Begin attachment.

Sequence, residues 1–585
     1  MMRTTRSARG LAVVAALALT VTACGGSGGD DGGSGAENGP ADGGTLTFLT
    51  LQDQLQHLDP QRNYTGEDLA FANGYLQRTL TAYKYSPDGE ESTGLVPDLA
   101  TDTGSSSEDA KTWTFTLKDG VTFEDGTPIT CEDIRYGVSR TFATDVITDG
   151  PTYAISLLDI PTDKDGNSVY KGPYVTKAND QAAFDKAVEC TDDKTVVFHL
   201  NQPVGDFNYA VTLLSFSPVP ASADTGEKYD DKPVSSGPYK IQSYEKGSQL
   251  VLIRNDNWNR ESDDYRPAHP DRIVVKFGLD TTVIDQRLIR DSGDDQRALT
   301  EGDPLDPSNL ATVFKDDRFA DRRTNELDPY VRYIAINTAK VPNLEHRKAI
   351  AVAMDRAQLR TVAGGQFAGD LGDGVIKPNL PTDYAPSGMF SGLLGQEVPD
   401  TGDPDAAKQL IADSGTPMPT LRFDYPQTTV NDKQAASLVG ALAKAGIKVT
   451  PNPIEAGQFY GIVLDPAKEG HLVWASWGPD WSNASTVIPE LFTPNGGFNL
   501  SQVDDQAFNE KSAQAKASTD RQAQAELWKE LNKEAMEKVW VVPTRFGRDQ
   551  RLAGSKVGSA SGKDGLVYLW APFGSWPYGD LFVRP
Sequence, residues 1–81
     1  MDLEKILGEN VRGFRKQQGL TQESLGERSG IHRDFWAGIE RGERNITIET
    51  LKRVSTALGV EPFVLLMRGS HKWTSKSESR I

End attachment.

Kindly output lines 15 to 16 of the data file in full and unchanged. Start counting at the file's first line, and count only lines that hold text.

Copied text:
     1  MDLEKILGEN VRGFRKQQGL TQESLGERSG IHRDFWAGIE RGERNITIET
    51  LKRVSTALGV EPFVLLMRGS HKWTSKSESR I